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Florida/ Bahamas/ Cuba.

Bishop, Capt. Robert/ LAURIE & WHITTLE [London 1761/1794] An Accurate Draught of the Gulph-Passage from Jamaica with the West End of Cuba Etc, Humbly Dedicated (by Permission) to the Right Honourable the Lords Commissioners of the Admiralty By their Lordship Most Obedient Servant Robert Bishop. Engrav'd by Eman: Bowen. Published 12.th May, 1794, by Laurie & Whitle, No. 53 Fleet Street, London. [Original imprint, in Florida on chart:] Publish'd by the Author May 20, 1761. According to Act of Parliament, and Sold at the Jamaica Coffee House in St. Michaels Alley Cornhill London. 27 3/4 x 3/4 inches

This is an extremely rare English chart of the water between Florida and Cuba and of the Bahamas, showing the lower part of the Florida peninsula and much of Cuba. This chart does not appear in Sellers and Van Ee's guide to maps in the Library of Congress. The map is also not included among the contents of atlases by Laurie and Whittle listed in Phillips and in the National Maritime Museum Catalogue. The only reference found to Bishop is in Tooley's Dictionary of Mapmakers, which does not note this work. The entry for Captain Robert Bishop notes that he was a hydrographer and had produced Windward Passages from Jamaica in 1761 and Old Straits Bahamas, 6 charts, in 1794-1796. A search of the holdings of the British Library indicated that the chart was published with two others of adjacent areas. No other information concerning Captain Bishop has yet to emerge.

A clue possibly explaining the rarity of this work is provided by the imprint for the original issue of the chart, given as May 20, 1761, and located in Florida on the chart. Here it noted that the chart was self-published ("Publish'd by the Author"). The chart could therefore have been part of a brief, unsuccessful foray into chart publishing and selling by Captain Bishop. (No known copy of this 1761 issue of the chart exists). Another possibility is that Captain Bishop never existed and was invented by the publishers as a marketing ploy. Laurie and Whittle ascribed some charts of the American coastline to a Captain N. Holland who most scholars also believe was an invention.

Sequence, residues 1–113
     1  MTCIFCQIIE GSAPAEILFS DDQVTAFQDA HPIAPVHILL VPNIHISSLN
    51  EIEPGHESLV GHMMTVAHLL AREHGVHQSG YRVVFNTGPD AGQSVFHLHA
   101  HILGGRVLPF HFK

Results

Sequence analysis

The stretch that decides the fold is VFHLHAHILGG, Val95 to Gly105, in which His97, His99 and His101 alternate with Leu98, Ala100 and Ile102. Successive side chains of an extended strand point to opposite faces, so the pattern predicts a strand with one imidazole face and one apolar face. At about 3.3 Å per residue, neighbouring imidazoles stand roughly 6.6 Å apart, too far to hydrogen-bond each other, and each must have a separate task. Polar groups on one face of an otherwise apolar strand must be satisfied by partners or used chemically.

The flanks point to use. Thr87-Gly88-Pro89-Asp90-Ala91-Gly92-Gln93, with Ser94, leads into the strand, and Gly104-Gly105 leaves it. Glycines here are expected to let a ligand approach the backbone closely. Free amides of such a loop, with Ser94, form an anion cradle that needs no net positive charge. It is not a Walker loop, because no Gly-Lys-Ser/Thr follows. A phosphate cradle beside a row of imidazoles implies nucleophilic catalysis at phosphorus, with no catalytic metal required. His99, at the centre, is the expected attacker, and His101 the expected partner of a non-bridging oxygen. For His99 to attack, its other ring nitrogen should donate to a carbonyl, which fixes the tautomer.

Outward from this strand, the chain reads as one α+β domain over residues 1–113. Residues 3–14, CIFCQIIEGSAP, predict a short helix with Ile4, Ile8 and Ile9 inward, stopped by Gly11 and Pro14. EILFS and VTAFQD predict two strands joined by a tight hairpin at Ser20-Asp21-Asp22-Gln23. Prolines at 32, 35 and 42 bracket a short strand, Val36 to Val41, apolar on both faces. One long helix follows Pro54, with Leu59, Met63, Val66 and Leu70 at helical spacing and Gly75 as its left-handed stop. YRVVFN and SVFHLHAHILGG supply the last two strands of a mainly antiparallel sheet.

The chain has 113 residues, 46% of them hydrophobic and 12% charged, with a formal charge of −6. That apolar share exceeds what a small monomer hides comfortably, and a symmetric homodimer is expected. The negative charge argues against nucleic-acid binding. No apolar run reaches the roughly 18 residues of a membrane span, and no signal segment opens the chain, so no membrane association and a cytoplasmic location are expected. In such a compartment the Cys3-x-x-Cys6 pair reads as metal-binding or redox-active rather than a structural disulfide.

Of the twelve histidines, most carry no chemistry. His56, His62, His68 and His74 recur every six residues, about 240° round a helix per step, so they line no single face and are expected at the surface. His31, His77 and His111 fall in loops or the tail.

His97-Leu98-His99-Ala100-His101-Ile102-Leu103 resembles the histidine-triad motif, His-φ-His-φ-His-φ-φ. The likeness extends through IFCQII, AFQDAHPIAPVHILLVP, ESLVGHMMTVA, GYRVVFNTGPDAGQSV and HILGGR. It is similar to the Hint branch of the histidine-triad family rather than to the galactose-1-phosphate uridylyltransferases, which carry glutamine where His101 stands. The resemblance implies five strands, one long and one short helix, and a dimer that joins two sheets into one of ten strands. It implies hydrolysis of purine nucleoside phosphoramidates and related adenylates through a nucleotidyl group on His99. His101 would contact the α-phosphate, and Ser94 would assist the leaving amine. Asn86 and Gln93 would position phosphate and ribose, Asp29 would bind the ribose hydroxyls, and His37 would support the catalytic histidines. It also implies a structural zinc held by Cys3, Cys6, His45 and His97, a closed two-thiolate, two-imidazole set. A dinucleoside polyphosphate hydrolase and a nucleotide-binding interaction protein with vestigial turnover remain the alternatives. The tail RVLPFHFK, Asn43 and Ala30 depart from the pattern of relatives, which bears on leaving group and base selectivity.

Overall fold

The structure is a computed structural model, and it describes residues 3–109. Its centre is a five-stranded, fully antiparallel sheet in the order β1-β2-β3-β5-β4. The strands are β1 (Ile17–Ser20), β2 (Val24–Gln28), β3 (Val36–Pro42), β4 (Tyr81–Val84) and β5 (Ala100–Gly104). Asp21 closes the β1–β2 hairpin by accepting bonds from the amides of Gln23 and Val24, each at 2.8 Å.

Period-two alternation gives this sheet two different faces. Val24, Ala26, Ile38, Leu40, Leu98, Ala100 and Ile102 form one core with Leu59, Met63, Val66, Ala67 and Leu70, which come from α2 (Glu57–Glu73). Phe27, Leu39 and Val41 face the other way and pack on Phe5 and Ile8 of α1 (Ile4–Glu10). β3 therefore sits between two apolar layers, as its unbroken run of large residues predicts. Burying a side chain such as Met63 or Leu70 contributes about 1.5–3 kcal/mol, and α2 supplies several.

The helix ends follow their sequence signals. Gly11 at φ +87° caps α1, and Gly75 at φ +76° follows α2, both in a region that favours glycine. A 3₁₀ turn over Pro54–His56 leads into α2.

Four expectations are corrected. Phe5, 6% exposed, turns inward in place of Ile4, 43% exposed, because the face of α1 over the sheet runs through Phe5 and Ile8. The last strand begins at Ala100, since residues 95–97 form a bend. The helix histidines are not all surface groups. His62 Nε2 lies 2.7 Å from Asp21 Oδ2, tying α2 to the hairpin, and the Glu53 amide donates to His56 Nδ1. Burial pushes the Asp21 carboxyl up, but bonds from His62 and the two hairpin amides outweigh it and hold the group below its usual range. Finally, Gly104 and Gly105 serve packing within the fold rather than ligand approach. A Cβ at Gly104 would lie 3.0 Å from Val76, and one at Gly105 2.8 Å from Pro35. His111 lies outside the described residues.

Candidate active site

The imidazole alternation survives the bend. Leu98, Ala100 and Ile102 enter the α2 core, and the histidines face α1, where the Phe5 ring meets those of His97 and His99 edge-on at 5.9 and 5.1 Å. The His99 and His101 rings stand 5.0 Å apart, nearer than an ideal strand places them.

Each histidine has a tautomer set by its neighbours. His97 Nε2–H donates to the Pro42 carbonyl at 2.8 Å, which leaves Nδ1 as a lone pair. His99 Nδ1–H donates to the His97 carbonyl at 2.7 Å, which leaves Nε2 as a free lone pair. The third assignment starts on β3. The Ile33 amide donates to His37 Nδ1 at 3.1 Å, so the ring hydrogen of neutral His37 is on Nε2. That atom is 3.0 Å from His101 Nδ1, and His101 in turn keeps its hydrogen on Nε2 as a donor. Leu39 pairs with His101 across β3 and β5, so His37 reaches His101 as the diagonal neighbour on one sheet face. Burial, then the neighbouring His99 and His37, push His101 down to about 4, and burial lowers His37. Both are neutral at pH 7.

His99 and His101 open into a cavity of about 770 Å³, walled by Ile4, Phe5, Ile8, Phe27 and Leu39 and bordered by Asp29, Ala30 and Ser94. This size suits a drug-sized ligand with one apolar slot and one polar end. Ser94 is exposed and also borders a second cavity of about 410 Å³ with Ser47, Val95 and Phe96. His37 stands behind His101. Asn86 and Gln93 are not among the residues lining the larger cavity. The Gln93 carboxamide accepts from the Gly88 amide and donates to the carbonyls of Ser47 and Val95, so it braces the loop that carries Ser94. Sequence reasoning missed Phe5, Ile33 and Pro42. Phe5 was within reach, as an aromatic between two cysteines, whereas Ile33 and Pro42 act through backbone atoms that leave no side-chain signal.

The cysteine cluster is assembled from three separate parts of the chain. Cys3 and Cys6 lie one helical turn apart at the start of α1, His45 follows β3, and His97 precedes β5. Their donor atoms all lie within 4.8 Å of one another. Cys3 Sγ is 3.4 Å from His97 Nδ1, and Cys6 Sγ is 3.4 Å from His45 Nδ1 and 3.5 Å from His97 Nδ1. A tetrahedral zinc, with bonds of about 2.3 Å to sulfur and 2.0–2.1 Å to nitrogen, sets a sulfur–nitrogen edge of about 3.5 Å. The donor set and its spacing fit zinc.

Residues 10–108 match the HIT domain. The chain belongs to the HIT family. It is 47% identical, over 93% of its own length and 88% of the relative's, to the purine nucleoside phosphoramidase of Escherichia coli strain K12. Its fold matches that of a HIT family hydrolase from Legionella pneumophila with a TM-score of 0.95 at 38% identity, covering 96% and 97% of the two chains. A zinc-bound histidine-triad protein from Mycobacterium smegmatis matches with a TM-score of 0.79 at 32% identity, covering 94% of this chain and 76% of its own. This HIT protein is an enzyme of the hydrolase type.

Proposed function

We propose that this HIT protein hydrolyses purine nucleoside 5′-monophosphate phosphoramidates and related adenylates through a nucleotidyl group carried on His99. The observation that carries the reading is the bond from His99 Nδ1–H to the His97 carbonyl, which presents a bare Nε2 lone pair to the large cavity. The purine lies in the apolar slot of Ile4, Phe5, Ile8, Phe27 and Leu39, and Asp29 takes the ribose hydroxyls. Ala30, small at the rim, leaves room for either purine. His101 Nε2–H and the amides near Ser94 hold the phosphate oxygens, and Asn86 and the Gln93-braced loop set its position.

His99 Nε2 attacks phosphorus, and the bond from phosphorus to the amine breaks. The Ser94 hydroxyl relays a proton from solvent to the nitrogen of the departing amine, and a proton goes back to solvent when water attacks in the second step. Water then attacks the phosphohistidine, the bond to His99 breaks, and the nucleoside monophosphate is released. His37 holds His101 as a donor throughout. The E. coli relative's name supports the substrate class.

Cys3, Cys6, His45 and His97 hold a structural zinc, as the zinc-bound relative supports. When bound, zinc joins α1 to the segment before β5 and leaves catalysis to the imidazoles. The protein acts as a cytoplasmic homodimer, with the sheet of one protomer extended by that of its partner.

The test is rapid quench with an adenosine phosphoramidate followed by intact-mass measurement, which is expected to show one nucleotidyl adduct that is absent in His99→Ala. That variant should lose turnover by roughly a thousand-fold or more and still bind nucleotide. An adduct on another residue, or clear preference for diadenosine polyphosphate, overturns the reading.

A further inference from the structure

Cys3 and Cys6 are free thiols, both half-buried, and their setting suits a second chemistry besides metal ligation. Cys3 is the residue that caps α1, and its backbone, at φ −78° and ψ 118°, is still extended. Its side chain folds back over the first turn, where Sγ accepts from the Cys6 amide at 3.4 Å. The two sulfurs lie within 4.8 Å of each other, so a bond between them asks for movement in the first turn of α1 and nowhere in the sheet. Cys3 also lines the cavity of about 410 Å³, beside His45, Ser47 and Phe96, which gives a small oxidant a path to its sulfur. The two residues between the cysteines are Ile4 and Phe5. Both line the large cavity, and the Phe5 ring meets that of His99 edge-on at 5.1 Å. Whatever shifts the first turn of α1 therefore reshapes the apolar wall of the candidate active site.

Bishop or whoever published the chart did secure the services of the highly esteemed engraver, Emmanuel Bowen, who created for it one of the most striking cartouches to be found on an English map of the second half of the 18th century. In the shape of the stern of a ship, it artfully links assorted nautical detail. The text of the cartouche is as follows:

An Accurate Draught of the
With the West-end of Cuba &c.
Humbly Dedicated (by Permission)
To the Right Honourable the LORDS
Commissioners of their Admiralty
By Their Lordships most obedient servant

Robert Bishop

An explanatory key to various landforms was also included. The key is centered on the landform of Florida and designates symbols for Salt Ponds, Pine Trees, and Trees and Shrubs visible from two to four leagues distance. The symbols denoting these physical features can be seen on the east coast of Florida and on the various islands. In an added note, Bishop directs the reader: "For further particulars see my Printed Book of directions for Sailing thro' the Gulph Passage. Instructions and Observations Relative to the Navigation of the Windward and Gulph Passages: as laid down in Two Large Charts appeared in 1761, also published by the author, Robert Bishop.